Who Needs It Next?

That’s the question that has kept me sweating, bleeding, training — teaching — for 28 years. Whenever I’ve considered hanging it all up, I just thought of the last person who used it, who needed it, who would’ve been found by a corpse-sniffing dog in a ditch if they hadn’t known how to turn the tables — violently, shockingly — on the predator who thought they had found obedient prey. For me, it was just another chunk of time grinding in silence alone, hours of prep for every hour of class, hours on the mats and nursing all the dings, dents, concussions and limps that accrue across years of physical action — but for them was everything. They would say it was all worth it — even the 17 years of doing this without making a living at it — and I agree.

I wouldn’t change a thing.

As a group, we work as hard as we do because of the last person who needed it — they are the shining example of why we keep getting back up. They were the one who needed it next, and our paths intersected just in time. And while it can seem “spooky” that someone used their experience from training shortly after completing a course, the only reason it’s notable is because of the nonstandard outcome. If they hadn’t known how to wield the tool of violence their story would have been mundane — assaulted, maybe even murdered, just another statistic, the same-old, same-old. “Stop me if you’ve heard this one before…”

The reason their story stands out is because of the twist: “He pulled up his shirt to show me the gun — so I knocked him out.”

Using their experience can come in more subtle forms, like standing up while the situation is still social (or even antisocial) — though it’s tilting on a trajectory toward violence — and declaring that no, this isn’t going to go the way you want it to. What allows them to keep their feet on that slanting deck is the confidence that if it does pitch everyone into the water, they know how to swim. They’ve done it before. If things go physical, they know how to put people down so they stay down.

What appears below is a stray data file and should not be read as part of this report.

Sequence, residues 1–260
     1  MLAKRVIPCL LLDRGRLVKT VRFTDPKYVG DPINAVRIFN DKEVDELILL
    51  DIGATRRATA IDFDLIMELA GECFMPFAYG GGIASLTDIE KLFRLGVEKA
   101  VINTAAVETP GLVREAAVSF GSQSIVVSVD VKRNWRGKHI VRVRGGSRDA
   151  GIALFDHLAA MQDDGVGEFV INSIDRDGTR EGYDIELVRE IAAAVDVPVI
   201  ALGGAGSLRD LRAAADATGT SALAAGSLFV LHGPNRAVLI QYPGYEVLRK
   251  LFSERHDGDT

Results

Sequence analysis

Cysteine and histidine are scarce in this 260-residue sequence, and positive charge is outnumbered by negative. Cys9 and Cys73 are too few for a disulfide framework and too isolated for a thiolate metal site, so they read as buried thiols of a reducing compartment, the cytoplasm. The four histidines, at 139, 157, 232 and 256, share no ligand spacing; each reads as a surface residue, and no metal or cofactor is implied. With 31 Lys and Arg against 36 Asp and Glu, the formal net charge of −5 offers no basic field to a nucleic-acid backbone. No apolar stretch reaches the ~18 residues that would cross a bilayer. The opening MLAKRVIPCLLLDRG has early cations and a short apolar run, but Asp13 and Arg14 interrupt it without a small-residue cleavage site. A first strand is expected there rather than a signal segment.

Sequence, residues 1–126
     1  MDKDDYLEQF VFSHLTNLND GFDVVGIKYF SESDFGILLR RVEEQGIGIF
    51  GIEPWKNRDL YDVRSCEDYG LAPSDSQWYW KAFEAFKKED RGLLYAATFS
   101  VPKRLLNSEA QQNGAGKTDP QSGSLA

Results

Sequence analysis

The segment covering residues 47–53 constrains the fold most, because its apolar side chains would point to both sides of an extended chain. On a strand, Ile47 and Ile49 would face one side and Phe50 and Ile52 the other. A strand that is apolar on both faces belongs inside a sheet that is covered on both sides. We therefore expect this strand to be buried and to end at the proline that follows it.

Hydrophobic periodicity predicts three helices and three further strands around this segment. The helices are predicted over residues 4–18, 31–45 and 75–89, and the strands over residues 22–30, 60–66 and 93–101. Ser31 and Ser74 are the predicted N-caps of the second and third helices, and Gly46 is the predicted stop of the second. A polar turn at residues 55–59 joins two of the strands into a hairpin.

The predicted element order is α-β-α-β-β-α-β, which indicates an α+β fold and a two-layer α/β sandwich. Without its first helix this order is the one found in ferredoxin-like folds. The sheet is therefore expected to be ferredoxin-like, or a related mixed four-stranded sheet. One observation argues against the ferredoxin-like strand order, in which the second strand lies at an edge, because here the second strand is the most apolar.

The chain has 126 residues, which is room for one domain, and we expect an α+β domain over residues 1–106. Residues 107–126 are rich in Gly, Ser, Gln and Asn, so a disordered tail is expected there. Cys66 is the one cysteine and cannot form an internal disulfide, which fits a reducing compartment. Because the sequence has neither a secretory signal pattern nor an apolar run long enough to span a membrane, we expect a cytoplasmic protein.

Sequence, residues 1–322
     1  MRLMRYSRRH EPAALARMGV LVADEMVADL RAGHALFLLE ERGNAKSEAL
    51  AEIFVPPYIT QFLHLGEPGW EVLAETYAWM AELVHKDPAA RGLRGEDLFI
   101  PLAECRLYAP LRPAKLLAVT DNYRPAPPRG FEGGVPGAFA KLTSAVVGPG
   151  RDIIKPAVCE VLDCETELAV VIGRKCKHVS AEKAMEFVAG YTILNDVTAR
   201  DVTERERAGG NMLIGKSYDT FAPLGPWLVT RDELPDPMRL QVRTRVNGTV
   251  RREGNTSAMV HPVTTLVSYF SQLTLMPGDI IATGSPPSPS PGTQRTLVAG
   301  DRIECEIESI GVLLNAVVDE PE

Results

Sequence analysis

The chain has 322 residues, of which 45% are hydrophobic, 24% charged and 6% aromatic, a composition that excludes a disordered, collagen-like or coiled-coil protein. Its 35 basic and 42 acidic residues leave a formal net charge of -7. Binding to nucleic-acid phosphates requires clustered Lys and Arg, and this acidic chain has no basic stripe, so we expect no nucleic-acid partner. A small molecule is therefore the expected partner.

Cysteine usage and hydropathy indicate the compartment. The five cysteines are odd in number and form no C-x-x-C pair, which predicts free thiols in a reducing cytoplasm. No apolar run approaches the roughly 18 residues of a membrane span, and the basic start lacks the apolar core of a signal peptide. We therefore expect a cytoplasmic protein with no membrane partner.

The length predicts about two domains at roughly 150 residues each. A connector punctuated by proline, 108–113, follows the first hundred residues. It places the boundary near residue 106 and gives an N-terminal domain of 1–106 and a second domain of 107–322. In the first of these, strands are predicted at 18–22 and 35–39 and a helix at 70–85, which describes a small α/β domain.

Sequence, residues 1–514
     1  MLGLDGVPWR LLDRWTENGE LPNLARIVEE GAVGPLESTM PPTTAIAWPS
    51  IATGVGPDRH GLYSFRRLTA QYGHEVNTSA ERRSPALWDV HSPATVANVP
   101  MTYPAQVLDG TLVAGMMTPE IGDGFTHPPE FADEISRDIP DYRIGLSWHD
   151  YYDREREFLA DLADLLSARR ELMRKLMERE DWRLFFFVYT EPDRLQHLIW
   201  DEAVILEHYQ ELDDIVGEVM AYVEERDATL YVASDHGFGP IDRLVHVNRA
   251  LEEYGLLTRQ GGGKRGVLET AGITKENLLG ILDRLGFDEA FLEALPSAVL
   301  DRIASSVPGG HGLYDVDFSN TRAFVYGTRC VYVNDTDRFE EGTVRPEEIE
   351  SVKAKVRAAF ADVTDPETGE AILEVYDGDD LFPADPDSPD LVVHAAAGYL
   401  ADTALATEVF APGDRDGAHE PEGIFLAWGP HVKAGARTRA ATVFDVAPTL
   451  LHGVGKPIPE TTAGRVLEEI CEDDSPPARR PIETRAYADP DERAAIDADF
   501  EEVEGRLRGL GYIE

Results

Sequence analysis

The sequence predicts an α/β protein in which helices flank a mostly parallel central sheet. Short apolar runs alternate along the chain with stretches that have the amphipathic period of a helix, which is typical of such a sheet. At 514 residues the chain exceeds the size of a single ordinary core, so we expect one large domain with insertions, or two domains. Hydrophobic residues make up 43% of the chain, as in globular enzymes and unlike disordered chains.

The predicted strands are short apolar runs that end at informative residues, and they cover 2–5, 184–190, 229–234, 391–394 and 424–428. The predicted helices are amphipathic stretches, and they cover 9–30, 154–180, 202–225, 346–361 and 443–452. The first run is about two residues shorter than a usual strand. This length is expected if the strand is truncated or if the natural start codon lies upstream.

That simple confidence — the result of physical experience on the mats — can dissuade the casual predator. And if he turns out to be the real deal, well, there’s no bluff to call. It’s even odds, with a slight edge to the person who actually trained. But if you don’t know the truth about violence — whoever gets it right first, wins — if you trained nothing, or in anything that is socially acceptable — that 50/50 shot is really 10/90, and your story will be just like all the others. Mundane, predictable, expected. “He pulled up his shirt to show me the gun — so I got in the trunk.”

We teach and train because we don’t know who needs it next — the people who did didn’t know they needed it next — in the end all we can do is maintain the information, provide a place to train, and make it available for those who want it.

We’re here for you now — come take advantage of the opportunity.


— Chris Ranck-Buhr


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4 replies
  1. Chris Ranck-Buhr
    Chris Ranck-Buhr says:

    Note 1: Contrary to what the hyperventilating on social media would have you believe, we actually live in the safest time to be alive: Your chances of being killed by another human are the lowest they’ve ever been in history. The issue is that this incredibly unlikely event is only survivable through dumb luck… or prior experience. It’s akin to the number of times you’ve almost drowned; for the vast majority of us it’s zero — for me it’s two, and the only reason I’m still here is because I knew how to swim. How many times do I expect to do it again? Zero. But if I do find myself there again I know that the only way to survive it is through dumb luck, or knowing how to swim, or being near someone with water rescue experience. What we do is in the same category of life skills.

    Note 2: Let’s be honest: What you really want here is a fully fleshed-out story with heroes and villains, emotional hooks to draw you in, terror overcome with underdog resolve, and in great, gory detail. “He pulled up his shirt to show me the gun — so I knocked him out,” just doesn’t cut it — and yet that’s a real quote from a real client. The reason we don’t say more is because we refuse to exploit one of the worst days of their lives for marketing purposes, unless they give us express permission to share their story. And even then, we prefer to keep such things in the context of live training rather than broadcast on the Internet. Winning in violence can be nearly as traumatic as losing, and we’re not going to trade on that.

    Note 3: I’m not writing any of this to make you feel afraid — I don’t want you to train out of fear; I want you to train out of resolve. There’s swimming, shooting, and what we do. Training any of those out of fear puts the focus on losing. Training out of resolve means you’re committed to the idea of winning.

    We can show you how to do that.

  2. Charles Michael Suitor
    Charles Michael Suitor says:

    Excellent Mr. Ranck-Bur. Very excited to see (and have experienced) the fruits of you and my brothers labors). Excellent


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